We started this list of 5 insane drugs you’ve never heard of with super LSD- what could we possibly follow that up with? That’s right, kids: super heroin. As if heroin itself isn’t bad enough, Etorphine is so powerful that a single drop making contact with your skin could send you into a lethal overdose.
This isn’t something you’ll find on the streets- the black market for drugs actually rejected this substance. It’s primary use is for sedation of large mammals such as the elephant. It makes sense, a 6,500 pound animal would need lots of powerful drugs in order to be rendered unconscious, right? With Etorphine, it takes .001 grams.
This substance is so powerful, it’s rarely even used for sedation of large animals, and when it is, it’s an intense operation. Not only does the doctor using Etorphine have to wear layers of protection, the antidote must be on-hand and prepped for use in case something goes wrong.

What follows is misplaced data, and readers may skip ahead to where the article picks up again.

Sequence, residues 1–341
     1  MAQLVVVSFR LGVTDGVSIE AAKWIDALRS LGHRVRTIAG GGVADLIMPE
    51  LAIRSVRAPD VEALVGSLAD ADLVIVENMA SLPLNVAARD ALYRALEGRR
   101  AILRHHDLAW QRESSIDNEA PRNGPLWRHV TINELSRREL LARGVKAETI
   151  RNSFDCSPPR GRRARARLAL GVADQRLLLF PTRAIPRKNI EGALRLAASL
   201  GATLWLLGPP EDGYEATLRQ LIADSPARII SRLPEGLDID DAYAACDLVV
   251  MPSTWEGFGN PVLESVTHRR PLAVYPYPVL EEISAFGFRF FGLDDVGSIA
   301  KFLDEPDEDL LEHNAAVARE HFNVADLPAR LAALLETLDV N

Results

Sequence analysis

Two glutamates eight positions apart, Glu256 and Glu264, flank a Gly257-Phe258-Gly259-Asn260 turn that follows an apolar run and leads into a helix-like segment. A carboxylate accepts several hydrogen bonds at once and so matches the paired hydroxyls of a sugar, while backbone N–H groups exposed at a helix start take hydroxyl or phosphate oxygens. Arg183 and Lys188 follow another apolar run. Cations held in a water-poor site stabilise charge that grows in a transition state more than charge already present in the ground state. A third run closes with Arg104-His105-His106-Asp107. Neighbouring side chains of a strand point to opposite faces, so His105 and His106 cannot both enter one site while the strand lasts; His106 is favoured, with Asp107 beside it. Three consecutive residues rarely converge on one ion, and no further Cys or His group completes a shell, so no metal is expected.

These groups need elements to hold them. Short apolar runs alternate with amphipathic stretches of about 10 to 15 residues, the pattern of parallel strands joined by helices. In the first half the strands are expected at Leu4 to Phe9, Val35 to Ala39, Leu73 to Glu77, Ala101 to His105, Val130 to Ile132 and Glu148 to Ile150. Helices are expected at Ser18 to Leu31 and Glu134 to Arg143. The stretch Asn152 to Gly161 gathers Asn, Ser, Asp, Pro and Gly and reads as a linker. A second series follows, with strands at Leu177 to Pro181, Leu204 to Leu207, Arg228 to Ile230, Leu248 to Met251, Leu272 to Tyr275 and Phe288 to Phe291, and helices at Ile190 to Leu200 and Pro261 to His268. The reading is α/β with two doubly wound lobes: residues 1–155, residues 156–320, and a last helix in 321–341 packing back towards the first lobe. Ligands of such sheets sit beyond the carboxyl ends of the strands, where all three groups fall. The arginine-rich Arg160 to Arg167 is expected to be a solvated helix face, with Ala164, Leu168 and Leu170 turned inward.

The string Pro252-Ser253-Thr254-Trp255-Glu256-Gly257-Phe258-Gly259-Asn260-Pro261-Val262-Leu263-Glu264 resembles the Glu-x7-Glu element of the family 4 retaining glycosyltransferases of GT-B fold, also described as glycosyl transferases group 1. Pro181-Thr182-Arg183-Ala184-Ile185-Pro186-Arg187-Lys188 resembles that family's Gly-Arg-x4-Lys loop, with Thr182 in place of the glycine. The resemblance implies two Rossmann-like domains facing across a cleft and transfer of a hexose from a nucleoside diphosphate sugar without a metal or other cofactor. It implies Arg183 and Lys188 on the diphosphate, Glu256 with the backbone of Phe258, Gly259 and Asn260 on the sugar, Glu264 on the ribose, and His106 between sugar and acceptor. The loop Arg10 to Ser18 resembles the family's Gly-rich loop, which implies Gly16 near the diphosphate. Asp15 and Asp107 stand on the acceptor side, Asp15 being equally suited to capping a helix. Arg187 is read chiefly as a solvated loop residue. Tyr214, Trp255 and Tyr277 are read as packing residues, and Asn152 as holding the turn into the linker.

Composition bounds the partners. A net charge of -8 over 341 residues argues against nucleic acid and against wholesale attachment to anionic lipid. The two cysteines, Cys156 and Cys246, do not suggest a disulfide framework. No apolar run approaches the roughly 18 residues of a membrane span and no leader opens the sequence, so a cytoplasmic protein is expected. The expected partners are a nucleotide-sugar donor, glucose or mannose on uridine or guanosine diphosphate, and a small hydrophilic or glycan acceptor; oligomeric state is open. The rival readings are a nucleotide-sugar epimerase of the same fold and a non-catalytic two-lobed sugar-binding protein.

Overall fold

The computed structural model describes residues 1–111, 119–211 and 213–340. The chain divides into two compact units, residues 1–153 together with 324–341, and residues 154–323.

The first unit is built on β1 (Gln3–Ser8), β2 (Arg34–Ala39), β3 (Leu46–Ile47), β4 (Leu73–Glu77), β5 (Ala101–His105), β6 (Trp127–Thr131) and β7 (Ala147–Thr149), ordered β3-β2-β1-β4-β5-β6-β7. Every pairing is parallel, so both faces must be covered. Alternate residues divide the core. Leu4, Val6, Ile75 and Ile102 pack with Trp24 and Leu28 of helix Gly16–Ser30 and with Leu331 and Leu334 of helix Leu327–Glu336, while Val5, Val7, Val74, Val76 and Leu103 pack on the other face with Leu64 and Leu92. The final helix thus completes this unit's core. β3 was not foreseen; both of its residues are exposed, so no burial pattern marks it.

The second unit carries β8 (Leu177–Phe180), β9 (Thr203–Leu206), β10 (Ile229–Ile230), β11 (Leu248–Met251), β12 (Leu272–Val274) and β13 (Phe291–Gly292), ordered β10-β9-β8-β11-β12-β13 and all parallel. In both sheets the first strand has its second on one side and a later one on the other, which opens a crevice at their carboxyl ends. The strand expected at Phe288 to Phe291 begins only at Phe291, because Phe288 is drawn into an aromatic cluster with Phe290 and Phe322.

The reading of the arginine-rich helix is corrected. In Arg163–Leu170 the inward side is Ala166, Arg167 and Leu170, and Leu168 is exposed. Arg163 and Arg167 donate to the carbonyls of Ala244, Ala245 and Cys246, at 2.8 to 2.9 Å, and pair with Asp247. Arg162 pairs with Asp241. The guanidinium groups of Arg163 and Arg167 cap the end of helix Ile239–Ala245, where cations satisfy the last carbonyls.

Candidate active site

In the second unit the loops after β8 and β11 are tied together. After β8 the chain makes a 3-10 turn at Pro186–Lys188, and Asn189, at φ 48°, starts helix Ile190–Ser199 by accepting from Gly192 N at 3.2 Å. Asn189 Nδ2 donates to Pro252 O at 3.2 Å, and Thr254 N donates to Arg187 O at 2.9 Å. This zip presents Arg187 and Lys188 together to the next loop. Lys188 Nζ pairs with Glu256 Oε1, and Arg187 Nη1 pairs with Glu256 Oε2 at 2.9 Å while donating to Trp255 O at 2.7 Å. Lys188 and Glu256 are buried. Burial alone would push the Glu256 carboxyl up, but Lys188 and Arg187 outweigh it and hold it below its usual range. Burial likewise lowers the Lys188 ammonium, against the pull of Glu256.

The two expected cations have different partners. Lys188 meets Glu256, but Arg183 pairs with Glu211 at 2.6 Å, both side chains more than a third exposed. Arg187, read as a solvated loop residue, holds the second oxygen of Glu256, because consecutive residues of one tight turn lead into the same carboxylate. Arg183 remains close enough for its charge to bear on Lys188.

This one still give me creeps even months after I learned about it. It makes my skin crawl; I hate looking at pictures of what it does to your body (you can go ahead if you want to and you have a strong stomach.)
Krokodil was born of desperation from minds under the fierce control of heroin addiction. That’s the only way I can explain what would motivate one to risk death by painful, flesh rot for the sake of a high. In Russia, where heroin can come with a high price tag, some people in the midst of their addiction have come up with an…inventive alternative.